Though it kind of seems like this should have been illegal already.

On December 12, the General Affairs Committee of the Tokyo Metropolitan Assembly (the capital’s equivalent of a city council) met to discuss a proposed change to the Healthy Youth Development Ordinance. Among other things, the Healthy Youth Development Ordinance governs media-related issues that affect minors, and the proposal seeks to better protect them from being coerced into providing nude pictures of themselves to people they’ve come into contact with online.

Under the current law, the authorities can only prosecute someone asking a minor for a nude selfie if the request is intimidating or threatening in nature. The inexact science of what constitutes intimidation, though, prevents the police from taking action against child predators who use less overtly forceful means in soliciting nude photos.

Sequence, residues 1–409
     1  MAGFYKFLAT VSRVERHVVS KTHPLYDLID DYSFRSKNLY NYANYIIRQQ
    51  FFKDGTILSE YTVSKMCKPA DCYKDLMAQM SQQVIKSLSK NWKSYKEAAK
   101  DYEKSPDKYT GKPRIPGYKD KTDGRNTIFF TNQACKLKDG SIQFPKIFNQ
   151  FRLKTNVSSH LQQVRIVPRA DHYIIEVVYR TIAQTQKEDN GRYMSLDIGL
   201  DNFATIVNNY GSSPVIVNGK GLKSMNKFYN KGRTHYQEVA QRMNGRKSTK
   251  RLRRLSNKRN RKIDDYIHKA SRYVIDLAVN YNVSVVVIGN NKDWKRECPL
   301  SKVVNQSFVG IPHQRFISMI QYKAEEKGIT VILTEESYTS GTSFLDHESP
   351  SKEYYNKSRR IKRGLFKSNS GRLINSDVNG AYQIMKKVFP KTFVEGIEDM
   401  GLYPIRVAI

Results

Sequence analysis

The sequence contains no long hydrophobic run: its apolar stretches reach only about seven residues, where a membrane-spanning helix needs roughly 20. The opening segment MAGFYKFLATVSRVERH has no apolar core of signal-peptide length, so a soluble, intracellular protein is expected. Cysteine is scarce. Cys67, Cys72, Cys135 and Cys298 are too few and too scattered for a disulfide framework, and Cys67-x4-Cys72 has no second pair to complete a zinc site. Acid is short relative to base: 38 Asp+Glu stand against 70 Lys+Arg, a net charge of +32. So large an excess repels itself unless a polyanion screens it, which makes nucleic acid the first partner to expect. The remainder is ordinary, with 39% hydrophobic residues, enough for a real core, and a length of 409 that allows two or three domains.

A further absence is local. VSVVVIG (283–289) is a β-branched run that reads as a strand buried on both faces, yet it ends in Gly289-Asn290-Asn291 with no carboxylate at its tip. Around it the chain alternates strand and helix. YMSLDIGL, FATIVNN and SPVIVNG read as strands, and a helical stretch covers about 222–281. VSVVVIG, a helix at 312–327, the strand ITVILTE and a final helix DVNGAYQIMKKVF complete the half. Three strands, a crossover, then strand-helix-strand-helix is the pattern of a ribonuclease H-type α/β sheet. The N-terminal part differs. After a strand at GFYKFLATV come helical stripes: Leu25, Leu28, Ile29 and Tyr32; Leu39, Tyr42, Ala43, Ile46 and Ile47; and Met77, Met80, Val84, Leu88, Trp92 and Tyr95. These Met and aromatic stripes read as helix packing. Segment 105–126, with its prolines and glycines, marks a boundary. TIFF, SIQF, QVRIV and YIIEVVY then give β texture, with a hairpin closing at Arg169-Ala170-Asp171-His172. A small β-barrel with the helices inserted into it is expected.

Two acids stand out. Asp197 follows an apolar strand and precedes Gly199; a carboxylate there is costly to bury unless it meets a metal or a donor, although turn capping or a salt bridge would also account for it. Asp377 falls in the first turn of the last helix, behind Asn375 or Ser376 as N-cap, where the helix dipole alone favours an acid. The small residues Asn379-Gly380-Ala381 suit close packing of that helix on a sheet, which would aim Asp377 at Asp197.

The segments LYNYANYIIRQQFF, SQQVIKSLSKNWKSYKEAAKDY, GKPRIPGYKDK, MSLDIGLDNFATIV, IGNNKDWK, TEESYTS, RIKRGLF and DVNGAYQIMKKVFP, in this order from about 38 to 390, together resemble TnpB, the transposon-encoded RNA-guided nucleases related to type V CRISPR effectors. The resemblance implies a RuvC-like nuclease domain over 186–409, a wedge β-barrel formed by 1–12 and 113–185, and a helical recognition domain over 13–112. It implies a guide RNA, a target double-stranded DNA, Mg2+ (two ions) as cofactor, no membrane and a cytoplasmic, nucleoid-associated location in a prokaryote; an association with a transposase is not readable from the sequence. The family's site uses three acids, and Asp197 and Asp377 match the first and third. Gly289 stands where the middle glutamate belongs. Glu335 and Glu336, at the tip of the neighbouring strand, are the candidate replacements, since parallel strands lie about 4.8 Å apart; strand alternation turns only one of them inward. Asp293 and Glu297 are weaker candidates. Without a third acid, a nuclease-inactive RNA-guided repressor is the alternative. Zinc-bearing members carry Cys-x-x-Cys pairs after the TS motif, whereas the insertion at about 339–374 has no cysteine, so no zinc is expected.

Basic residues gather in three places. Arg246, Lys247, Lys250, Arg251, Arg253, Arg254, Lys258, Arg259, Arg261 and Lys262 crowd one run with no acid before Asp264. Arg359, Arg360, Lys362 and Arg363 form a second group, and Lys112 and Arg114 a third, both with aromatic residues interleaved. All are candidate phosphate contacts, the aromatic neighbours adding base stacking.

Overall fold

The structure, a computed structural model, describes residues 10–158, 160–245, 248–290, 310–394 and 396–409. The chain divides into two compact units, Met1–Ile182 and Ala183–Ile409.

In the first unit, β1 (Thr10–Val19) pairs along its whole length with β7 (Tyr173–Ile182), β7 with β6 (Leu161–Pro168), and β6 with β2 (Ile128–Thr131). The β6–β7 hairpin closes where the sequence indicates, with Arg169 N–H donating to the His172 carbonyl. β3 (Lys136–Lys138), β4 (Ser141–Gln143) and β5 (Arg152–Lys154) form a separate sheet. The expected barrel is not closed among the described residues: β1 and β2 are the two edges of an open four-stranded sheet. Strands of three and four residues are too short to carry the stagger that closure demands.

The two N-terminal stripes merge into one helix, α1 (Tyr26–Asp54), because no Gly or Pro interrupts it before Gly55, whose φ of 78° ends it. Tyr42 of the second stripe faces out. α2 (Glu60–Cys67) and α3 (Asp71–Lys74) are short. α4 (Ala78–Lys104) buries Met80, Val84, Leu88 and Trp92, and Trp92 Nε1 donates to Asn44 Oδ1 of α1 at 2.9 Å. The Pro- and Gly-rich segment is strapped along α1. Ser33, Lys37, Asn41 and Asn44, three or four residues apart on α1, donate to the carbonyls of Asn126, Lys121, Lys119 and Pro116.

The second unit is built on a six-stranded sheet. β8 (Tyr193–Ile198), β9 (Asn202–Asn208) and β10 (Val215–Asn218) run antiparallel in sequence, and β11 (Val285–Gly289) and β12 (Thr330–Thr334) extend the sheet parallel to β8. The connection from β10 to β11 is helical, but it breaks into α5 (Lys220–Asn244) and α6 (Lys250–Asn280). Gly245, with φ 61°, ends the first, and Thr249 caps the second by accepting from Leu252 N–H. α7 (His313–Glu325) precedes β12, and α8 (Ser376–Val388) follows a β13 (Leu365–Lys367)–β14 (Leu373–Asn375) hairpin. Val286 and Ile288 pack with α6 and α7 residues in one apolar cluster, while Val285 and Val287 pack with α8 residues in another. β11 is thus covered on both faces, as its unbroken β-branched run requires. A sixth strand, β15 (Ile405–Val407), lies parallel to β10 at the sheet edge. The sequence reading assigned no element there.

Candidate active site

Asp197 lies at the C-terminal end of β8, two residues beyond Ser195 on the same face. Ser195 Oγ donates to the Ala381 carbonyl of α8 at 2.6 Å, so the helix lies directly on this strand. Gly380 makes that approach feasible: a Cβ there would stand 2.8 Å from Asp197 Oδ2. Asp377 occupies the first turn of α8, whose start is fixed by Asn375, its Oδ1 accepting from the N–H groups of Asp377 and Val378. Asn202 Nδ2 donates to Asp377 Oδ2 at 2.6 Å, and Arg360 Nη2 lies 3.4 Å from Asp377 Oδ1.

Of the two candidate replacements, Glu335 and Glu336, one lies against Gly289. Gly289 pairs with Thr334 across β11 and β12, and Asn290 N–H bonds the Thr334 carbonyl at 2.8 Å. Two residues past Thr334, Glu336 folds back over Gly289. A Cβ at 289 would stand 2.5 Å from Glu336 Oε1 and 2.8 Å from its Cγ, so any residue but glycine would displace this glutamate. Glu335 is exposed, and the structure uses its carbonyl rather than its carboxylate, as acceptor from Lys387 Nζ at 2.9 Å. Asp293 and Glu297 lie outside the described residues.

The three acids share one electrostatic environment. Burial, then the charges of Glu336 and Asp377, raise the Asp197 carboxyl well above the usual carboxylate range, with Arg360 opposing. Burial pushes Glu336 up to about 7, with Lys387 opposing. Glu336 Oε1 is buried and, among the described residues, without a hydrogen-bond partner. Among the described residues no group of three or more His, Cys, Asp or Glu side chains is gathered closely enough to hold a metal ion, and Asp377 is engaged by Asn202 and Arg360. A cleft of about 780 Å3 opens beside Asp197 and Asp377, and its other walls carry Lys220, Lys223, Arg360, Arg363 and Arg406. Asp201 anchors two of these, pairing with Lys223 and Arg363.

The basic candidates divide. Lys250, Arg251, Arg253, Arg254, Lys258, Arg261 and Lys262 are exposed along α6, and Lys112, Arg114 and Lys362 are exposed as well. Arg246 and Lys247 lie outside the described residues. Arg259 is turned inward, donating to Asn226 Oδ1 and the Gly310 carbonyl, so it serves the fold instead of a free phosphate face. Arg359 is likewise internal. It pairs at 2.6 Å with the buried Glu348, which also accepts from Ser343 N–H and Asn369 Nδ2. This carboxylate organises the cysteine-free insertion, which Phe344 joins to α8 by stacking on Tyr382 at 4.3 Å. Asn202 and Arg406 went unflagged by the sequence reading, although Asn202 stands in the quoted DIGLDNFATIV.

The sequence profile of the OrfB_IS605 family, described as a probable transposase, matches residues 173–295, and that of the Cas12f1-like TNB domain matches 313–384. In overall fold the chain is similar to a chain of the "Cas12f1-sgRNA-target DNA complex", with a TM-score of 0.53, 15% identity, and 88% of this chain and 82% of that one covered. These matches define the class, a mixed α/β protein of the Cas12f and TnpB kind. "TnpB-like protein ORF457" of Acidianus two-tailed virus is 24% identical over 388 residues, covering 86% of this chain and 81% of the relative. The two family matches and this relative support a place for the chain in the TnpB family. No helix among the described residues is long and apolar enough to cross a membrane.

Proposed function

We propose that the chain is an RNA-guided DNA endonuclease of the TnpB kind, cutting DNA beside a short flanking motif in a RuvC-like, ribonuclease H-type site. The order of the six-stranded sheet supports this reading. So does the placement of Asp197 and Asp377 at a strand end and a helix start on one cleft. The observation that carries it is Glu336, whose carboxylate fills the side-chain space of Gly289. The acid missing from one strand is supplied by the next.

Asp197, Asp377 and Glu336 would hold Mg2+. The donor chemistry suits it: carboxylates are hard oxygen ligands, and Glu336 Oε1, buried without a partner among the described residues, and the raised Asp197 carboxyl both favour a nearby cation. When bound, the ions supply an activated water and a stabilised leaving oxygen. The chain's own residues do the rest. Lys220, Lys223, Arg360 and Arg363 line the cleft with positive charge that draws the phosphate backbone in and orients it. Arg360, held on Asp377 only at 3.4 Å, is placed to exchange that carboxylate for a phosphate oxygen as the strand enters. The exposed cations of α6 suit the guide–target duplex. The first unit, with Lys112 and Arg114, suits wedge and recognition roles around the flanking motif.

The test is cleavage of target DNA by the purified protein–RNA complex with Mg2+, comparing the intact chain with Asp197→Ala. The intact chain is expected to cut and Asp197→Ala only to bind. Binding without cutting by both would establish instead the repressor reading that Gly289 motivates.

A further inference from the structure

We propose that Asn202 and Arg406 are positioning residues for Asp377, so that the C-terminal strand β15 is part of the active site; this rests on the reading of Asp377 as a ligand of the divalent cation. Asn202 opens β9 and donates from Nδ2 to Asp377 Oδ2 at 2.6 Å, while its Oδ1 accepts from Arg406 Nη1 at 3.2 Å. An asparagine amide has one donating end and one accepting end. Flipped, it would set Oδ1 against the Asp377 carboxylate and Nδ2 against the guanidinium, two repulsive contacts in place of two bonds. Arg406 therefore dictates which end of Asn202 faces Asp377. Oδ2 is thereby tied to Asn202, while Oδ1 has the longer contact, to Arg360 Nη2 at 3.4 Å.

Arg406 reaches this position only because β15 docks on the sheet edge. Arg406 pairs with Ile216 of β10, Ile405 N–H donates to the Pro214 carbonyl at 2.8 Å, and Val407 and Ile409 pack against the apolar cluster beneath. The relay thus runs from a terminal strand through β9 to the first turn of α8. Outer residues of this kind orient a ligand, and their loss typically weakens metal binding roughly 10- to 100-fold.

The proposed change would modify the existing law and make it a crime to request nude images from anyone under the age of 18 if he or she has already denied such a request. Violators will be fined up to 300,000 yen (US$2,700).

The proposal was unanimously approved in General Affairs Committee voting, and will be formally introduced to the Assembly on December 15, where it’s expected to receive similar support and be quickly ratified.

Critical-minded observers will no doubt notice that the new law would still essentially give people a one-time pass to ask minors for nude selfies, and that persisting in the request after being turned down is still not a jailable offense. Still, compared to the previous “ask kids for nude pics as many times as you like, as long as you don’t threaten them” policy, the new law seems like a step in the right direction, even if it’s a baby-sized one.

Source: NHK News Web via Jin
Top image: Pakutaso